What College Costs

What College Costs

Accurately Quantifying the Cost of College

How much will college cost us?

That's the question all parents want to know, but traditionally they have been left in the dark until each spring when the acceptance letters and aid awards arrive in the mail. When students receive awards that are skimpy—or none at all -- they are in trouble since it is too late to apply elsewhere.

There is no reason, however, why your clients need to tolerate those unpleasant spring surprises. Thanks to a new federally mandated cost calculator, parents can learn far in advance what a particular college will cost them, which should lead to better informed decisions.

These so-called net price calculators can provide your clients with a personalized estimate of what the cost of a particular college will be. The net price is what a family would be expected to pay after grants and scholarships are subtracted.

Calculators will vary by schools, but they should typically take no more than a few minutes to complete. To get an accurate estimate, parents will need to pull figures off their most recent tax return, as well as statements for college savings and taxable accounts.

Dartmouth College's Cost Calculator

To show you how they work, I tried out Dartmouth College's net price calculator using a hypothetical couple, who has one child heading to college and another attending high school. Here are the main figures that I plugged into the calculator:

· Parents' combined income: $150,000
· Home equity: $225,000
· Cash/checking: $25,000
· Non-retirement investments: $75,000
· Standardized federal tax deductions: $20,000
· Teenager's earnings: $2,000
· Parents’ contributions to 401(k): $10,000

As you can see below, the Dartmouth calculator estimated that the parents would receive $14,091 in need-based financial aid. I’d suggest that most people with similar incomes and home equity would be surprised that they could qualify for need-based financial aid.

Experimenting with Cost Calculators

I recommend experimenting with the calculators to see how schools award different amounts of money based on the questions asked, as well as an institution's level of generosity. The University of Chicago's calculator, for instance, doesn't ask about the expenses of private schooling for younger children or medical expenses not covered by insurance, but Dartmouth's does.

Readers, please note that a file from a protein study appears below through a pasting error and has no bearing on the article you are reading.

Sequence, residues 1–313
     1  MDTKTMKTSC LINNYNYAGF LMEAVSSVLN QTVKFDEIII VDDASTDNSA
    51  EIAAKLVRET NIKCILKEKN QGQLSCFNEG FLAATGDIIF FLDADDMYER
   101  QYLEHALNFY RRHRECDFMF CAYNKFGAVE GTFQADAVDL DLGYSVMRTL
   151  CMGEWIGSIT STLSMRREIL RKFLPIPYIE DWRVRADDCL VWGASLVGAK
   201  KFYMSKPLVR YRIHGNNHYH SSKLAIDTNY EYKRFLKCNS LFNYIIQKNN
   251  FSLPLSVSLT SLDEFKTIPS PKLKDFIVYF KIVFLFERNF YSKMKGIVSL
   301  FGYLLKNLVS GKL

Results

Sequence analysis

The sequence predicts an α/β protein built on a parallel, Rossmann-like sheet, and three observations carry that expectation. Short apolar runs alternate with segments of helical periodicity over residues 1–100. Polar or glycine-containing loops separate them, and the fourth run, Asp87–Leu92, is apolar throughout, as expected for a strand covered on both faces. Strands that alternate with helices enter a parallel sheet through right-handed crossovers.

Amherst College’s Cost Calculator

I experimented with a slightly different scenario when I used Amherst College’s net price calculator. I plugged in the same figures that I used for Dartmouth except this time the hypothetical family didn't own a house. Without home equity, the need-based aid for the family doubled to $28,350.

Bottom Line:

Now is the time to tell your clients about these cost calculators, which must be installed on college websites no later than Oct. 29. Cost calculators will empower families by allowing them to know the true cost of individual colleges long before their teenagers begin applying.

I predict your clients will be thrilled when you share this news with them.

Story No. 2:

Graduate in 4 Years

One of the best ways to cut the cost of college is to graduate in four years. Okay, that sounds obvious, but most students fail to pull this off.

Nationally, only 58% of full-time students manage to earn a bachelor’s degree in six years. The numbers are even grimmer for part-time students. Three out of four part-timers fail to earn a bachelor's degree within eight years.

You will rarely see schools publicize graduation rates, but it's easy to find four, five and six-year rates. Just head to College Results Online (www.collegeresults.org), which can provide you with the stats for any school.

Below you'll find the highest grad rates for research universities and colleges. As you'll see, the schools with the best grad rates all happen to be private institutions.

The public universities with the highest four-year grad rates are the University of Virginia (84.4%), College of William and Mary (83.2%) and the University of Michigan (72.7%).

Best 4-Year Grad Rates Among Research Universities

Yale University (CT) 90.4%
University of Notre Dame (IN) 90.1%
Princeton University (NJ) 89.9%
Duke University (NC) 88.5%
Harvard University (MA) 87.8%
Georgetown University (DC) 87.8%
University of Pennsylvania 87.6%
Northwestern University (IL) 87.3%
University of Chicago (IL) 85.7%
Brown University (RI) 85.6%
Cornell University (NY) 85.3%
Columbia University (NY) 85.0%
Tufts University (MA) 84.9%
Wake Forest University (NC) 84.8%
Emory University (GA) 84.8%

Best 4-Year Grad Rates Among Colleges

Williams College (MA) 93.2%
Carleton College (MN) 89.1%
Davidson College (NC) 89.0%
Pomona College (CA) 88.9%
Bowdoin College (ME) 88.8%
Wesleyan University (CT) 88.5%
US Naval Academy (MD) 88.2%
Haverford College (PA) 87.9%
Washington and Lee University (VA) 87.8%
Vassar College (NY) 87.8%
Bucknell University (PA) 87.6%
College of the Holy Cross (MA) 87.0%
Claremont McKenna College (CA) 86.3%
Lafayette College (PA) 86.0%
Bates College (ME) 86.0%

Story No. 3:

Show Me the Money

Families often look in the wrong places for college cash.

Many parents and teenagers assume that private scholarships are the largest source of college cash. As you can see from the chart, however, private scholarships represent the smallest source of free college money.

Writer's Bio: Lynn O'Shaughnessy is a college consultant, author and speaker. She writes three college blogs for CBSMoneyWatch, U.S. News & World Report and TheCollegeSolutionBlog.com.

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